Three members of Osama Bin Laden's family may have survived a plane crash before a fire engulfed the aircraft as it crashed in Hampshire, a court has heard.
North Hampshire Coroner's Court heard how the pilot of the aircraft became "overwhelmed" as he approached Blackbushe Airport in an Embraer Phenom 300 jet in July 2015, moments before the plane careered into a number of parked cars.
Bin Laden's 75-year-old stepmother, Raja Bashir Hashem, stepsister Sana Mohammed, 53, and the 58-year-old pilot Mazen Salem Alqasim all died as a result of a fire which began after the wing separated from the fuselage.
The court had heard how the Saudi-registered aircraft, being flown by pilot Mazen Al-Aqeel Da'jah Salem, overshot the end of the runway as it arrived at the airport, before becoming airborne again.
However, the plane then crashed into several parked cars at a car auction site next to the airport. The family had been flying from Milan, Italy, where they attended a wedding in Lake Como.
Coroner Andrew Bradley said an eyewitness stated the family's private jet did not catch fire for "a few minutes" after the crash. But, unable to escape during the one minute 30 second survival window, the inquest heard that that the victim's bodies were "incinerated".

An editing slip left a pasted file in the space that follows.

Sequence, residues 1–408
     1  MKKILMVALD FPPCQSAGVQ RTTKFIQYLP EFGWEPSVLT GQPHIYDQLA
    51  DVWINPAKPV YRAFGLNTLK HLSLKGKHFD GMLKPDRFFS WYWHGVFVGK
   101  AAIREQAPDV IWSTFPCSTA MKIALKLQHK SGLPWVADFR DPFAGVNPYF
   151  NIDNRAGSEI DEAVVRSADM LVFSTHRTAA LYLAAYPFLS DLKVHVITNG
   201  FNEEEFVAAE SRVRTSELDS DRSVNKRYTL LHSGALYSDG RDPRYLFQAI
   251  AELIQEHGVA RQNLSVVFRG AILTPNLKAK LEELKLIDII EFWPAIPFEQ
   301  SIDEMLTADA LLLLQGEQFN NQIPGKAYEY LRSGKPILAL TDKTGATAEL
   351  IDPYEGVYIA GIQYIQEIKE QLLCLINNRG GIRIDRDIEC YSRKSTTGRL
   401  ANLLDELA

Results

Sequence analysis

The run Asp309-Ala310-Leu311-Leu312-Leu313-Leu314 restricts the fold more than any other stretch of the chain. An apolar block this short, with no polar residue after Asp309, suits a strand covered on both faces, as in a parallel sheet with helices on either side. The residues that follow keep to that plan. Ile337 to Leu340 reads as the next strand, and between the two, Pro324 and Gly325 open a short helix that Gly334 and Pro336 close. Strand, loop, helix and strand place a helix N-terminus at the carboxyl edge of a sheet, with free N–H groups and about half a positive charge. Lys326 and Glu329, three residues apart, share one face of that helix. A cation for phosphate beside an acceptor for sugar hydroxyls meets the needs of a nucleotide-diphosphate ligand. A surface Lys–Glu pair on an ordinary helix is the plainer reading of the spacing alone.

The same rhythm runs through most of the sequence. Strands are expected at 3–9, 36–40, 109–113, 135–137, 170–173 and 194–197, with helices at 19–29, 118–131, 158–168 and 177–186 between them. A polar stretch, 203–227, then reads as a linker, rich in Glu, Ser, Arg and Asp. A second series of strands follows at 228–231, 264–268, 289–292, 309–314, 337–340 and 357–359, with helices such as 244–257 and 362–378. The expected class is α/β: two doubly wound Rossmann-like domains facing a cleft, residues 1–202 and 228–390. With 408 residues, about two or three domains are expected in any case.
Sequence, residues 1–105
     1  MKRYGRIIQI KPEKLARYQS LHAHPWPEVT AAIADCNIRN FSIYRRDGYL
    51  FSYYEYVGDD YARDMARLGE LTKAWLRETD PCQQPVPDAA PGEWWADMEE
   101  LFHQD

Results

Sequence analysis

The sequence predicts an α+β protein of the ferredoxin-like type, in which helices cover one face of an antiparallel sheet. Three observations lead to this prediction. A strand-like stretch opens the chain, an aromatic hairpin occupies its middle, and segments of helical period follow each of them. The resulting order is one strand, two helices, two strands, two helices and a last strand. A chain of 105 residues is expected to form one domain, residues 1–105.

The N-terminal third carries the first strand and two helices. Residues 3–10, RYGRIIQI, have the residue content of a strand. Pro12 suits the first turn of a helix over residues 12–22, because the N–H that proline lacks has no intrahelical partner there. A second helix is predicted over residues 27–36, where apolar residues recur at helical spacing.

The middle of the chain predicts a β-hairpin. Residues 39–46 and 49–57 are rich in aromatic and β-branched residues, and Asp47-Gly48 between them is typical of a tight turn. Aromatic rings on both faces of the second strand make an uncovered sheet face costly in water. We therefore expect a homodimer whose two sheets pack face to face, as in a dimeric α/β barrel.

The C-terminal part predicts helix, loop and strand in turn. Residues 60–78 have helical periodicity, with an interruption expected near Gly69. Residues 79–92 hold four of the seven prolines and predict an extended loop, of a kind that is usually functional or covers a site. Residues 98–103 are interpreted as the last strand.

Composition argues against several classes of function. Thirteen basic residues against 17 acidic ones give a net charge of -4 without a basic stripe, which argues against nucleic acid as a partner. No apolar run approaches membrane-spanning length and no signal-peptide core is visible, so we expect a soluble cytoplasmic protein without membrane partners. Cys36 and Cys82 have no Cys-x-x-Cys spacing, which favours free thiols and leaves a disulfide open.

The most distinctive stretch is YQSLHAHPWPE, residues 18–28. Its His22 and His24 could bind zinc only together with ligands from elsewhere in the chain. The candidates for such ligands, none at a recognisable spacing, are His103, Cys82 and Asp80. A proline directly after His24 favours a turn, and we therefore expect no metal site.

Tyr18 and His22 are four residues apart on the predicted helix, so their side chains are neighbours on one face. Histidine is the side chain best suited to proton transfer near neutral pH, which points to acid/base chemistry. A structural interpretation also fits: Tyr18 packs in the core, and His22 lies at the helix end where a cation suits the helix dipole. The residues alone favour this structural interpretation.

The family, who were found close to the plane door, were so badly burned that they had to be identified using dental records, the court heard. An Air Accidents Investigations Branch (AAIB) report said emergency warnings prior to landing may have "saturated the pilot's mental capacity", reported the BBC.
The report said the plane had landed too far down the runway because it was travelling 40 per cent faster than the recommended speed.
Bradley said: "Blackbushe is not an all-singing, all-dancing airport and instructions from the control tower are not what you would get from Heathrow and Jeddah.
"He was approaching too fast, touching down at the wrong point, he's making a decision to continue with his landing until it's too late."
Eyewitness John Goodey, who was working at a car auction site next to the airfield, told the inquest: "It flew over the fence, it was bouncing on all the roofs of the cars. The noise was horrendous."
A jury at the coroner's court returned a narrative verdict at the inquest into the deaths of the three family members and the pilot.
In a statement, the Bin Laden family said they were "devastated by this great loss, but nonetheless accept it was "God's will to lose them". The family disowned Bin Laden in 1994 after his homeland, Saudi Arabia, stripped him of citizenship due to his links to terrorism.
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